11 days ago #

    Hey Sonja
    What about marketing/growth did you learn from Kissmetrics & HubSpot that you've been able to put into practice at DocSend?
    Conversely, what doesn't apply any more?

  • OB

    Oscar Ivan Bonilla Ortiz

    11 days ago #

    Hello Sonja,
    How would you position a Facebook page and what kind of posts would you do? (It's a food fan page).

  • SS

    Sam Sprague

    11 days ago #

    Hey Sonja

    How does Facebook's algo effect the type of content your publish and how you publish it (to maximize engagement)?

    • SJ

      Sonja Jacob

      11 days ago #

      Overall, Facebook isn't a useful channel for distributing B2B content, I've found, especially for our target audiences at DocSend. I think it's super important that you focus on the channels where you're going to find your product's "people" and more often than not, that's going to be LinkedIn for B2B.

      We do run FB Lead Ads, which can be useful for finding hand-raisers and nurturing them into paying customers.

  • PS

    Pedro Sostre

    11 days ago #

    This might be a basic question, but curious on your thoughts... I have a B2B client that has used Adwords almost exclusively to get new customers for 15+ years. In the last 2-3 years, performance has dropped significantly. Is that something you see as an industry trend in general and, if so, what channels are you using to offset the drop?

    Thanks!

  • DF

    Daniel Foreman

    11 days ago #

    Hi Sonja,

    I am considering writing a complete "guide" on a big topic, like Patrick McKenzie does at Stripe:

    https://stripe.com/atlas/guides/starting-sales

    In the same amount of time, I could probably pen 10 shorter blog posts on different topics.

    As a marketer, how should I think about which strategy best?

    • SJ

      Sonja Jacob

      11 days ago #

      Hey, Daniel! Great question.

      If you've decided to write your complete guide based on insights about audience demand for a particular topic, I say go ahead and write your complete guide. But then, make it work harder for you by breaking it up into 10 shorter blog posts related to your big effort. Don't have to make the posts exactly the same (and you shouldn't). So tweak the individual blog posts related to your guide, that way you have ample content to keep driving people back to the valuable guide (which I'm assuming will be gated). This will tie your blog content to higher value content that people are willing to give you their information for.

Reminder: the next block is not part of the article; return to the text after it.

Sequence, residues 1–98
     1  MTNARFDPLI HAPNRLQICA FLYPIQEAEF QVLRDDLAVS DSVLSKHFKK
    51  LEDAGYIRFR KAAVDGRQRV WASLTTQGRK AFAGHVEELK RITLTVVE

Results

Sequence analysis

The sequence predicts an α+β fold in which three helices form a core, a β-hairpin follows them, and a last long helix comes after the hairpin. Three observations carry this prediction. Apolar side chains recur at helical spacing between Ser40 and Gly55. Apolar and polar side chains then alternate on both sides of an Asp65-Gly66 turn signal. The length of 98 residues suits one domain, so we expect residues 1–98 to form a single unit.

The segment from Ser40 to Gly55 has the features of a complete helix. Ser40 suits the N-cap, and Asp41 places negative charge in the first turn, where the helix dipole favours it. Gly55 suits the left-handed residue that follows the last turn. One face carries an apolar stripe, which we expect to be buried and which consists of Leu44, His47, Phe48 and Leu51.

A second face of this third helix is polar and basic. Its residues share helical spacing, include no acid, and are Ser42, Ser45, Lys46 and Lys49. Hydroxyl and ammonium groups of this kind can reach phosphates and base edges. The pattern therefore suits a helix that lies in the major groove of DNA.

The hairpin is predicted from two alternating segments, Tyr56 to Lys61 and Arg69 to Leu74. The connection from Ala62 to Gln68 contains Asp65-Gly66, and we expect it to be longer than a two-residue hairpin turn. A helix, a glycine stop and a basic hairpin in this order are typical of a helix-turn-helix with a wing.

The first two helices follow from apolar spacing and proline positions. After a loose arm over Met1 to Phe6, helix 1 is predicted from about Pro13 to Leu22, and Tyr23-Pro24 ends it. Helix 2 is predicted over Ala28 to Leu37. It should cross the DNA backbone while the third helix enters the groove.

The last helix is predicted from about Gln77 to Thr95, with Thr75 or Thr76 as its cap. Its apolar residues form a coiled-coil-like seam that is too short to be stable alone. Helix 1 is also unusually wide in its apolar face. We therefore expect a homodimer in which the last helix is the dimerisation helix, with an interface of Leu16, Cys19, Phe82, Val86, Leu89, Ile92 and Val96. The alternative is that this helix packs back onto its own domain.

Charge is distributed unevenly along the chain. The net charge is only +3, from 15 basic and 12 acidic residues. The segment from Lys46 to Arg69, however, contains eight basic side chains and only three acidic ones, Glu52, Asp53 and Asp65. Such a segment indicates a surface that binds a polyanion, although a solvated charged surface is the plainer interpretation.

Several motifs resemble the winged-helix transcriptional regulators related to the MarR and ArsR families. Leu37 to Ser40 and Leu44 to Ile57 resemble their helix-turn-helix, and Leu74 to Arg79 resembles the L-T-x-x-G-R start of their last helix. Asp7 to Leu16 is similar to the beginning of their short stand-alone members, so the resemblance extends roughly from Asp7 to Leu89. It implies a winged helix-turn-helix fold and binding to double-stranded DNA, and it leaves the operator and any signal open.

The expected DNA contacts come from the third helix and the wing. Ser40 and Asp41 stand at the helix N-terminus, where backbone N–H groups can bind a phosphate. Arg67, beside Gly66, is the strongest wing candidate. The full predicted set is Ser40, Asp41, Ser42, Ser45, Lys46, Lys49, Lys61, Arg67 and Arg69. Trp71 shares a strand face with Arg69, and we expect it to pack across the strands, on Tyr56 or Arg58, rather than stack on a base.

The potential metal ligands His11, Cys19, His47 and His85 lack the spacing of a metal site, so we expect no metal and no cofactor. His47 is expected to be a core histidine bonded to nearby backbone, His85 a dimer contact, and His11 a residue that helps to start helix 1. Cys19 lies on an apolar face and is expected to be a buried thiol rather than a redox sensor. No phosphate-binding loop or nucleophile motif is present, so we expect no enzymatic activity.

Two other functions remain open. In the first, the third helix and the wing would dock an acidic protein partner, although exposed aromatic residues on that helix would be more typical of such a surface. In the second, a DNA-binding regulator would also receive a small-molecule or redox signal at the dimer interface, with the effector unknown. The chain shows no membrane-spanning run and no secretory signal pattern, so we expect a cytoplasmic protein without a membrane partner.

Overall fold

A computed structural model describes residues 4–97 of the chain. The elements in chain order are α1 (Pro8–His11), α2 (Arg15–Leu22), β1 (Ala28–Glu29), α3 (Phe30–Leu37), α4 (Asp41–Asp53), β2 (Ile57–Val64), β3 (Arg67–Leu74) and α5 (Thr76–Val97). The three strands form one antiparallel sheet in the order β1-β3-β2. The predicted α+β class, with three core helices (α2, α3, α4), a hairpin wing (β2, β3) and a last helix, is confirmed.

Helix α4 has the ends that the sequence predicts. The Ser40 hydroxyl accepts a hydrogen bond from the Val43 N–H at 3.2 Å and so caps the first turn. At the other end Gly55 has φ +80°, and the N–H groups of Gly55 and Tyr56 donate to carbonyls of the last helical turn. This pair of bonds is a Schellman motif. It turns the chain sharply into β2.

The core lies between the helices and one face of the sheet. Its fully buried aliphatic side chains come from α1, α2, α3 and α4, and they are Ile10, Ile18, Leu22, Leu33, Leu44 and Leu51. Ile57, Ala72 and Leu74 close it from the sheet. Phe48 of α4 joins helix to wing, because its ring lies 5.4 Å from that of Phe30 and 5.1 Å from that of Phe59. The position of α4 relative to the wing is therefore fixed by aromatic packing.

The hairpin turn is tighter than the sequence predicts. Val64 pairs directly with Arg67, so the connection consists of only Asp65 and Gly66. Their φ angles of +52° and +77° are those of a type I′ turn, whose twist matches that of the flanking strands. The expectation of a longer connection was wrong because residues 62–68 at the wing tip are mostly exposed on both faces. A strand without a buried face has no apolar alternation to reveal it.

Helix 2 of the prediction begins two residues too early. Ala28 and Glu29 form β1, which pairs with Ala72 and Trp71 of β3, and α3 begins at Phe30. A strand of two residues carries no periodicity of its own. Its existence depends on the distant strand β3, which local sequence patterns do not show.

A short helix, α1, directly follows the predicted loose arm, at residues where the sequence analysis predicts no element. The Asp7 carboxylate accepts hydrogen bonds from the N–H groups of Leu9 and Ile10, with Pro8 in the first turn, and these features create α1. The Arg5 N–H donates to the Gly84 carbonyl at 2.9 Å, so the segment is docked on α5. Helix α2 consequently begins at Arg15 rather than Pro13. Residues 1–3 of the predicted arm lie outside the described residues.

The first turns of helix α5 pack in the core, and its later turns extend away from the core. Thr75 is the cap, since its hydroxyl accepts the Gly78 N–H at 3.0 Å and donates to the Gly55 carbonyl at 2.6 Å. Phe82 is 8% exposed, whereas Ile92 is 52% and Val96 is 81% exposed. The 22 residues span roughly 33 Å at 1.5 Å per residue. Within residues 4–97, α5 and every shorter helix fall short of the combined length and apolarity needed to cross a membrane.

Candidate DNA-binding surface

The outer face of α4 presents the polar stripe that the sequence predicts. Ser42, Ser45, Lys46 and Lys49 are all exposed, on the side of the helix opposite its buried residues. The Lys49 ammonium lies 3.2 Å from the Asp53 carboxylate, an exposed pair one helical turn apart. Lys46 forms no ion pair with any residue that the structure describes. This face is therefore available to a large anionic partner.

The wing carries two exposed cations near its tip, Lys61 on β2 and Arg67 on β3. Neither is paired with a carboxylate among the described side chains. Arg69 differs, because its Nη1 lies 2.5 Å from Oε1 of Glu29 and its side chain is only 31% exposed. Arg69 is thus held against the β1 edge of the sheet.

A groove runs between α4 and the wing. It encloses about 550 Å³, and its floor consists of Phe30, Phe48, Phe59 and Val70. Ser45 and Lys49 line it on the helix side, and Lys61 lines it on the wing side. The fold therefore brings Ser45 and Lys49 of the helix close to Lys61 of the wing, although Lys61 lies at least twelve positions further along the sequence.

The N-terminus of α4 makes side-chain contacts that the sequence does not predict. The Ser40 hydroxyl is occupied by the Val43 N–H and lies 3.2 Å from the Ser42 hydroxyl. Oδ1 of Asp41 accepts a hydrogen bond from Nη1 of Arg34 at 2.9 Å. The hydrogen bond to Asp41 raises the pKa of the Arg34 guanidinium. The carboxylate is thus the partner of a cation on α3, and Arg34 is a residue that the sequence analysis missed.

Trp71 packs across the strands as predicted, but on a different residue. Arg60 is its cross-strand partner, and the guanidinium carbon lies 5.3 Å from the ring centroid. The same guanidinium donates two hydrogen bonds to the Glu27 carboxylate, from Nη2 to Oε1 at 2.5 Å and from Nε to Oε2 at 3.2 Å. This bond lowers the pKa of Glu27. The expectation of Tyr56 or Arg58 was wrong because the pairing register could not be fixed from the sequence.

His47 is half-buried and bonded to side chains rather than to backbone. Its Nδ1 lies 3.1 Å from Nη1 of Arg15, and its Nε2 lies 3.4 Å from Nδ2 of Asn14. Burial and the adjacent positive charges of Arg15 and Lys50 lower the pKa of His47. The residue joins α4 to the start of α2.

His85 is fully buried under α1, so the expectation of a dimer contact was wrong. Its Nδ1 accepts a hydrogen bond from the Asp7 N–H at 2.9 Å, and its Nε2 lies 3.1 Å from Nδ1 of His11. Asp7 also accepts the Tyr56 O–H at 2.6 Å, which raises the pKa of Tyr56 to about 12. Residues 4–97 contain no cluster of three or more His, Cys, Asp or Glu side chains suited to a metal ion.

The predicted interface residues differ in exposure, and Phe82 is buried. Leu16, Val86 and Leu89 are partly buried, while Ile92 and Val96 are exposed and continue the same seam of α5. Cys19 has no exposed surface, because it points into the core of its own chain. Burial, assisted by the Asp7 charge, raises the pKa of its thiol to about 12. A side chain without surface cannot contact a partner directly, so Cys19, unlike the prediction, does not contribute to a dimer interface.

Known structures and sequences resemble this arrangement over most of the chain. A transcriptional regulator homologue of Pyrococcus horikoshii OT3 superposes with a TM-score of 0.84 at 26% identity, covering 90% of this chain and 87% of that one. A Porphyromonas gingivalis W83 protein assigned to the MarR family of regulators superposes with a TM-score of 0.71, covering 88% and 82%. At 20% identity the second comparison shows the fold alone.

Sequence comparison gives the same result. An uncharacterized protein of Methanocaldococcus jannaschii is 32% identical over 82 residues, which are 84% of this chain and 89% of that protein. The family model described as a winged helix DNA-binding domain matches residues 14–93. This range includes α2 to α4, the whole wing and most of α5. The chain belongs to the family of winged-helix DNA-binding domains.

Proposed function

• DT

    Duong Thien

    19 days ago #

    Hi Sonja,

    My business is a SaaS service, and i focus on the American and the European. So could you help to suggest some insight of customer in that markets? and what should i do to prepare for pre-launching camp?

    Description about my product below:
    My product is an analytics & mrk automation platform for ecommerce website owners, which helps easy to make informed decisions based on data and optimize conversions without the good knowledge of marketing. Our customer can analyze their ecommerce website without head-scratching installation, with only one click they can have full report with most important KPI (sale funnel, checkout behavior, product peformance etc), and suggest they to make decision base on data, warning when their website have problem, make marketing automation in best practices to increase the sale by using email, popup, pushnotification. Everything is easy, no need to know about html, coding etc

    • SJ

      Sonja Jacob

      11 days ago #

      Hey, Duong! Congratulations on your impending product launch.

      I’d love to share some insights based on those markets, but they’re both very broad. I’d suggest getting hyper-focused on your target audience at the outset, so that you can really tailor your marketing to that group. If you’re successful in engaging them with your marketing efforts, you can reasonably assume expanding to other target markets is possible. Segment, conquer, and grow.

      I think it’s really important for entrepreneurs such as yourself not boil the ocean when it comes to marketing your product. Get specific about where you can really deliver value with your product right now, and exploit that use case in your marketing before seeking broad adoption.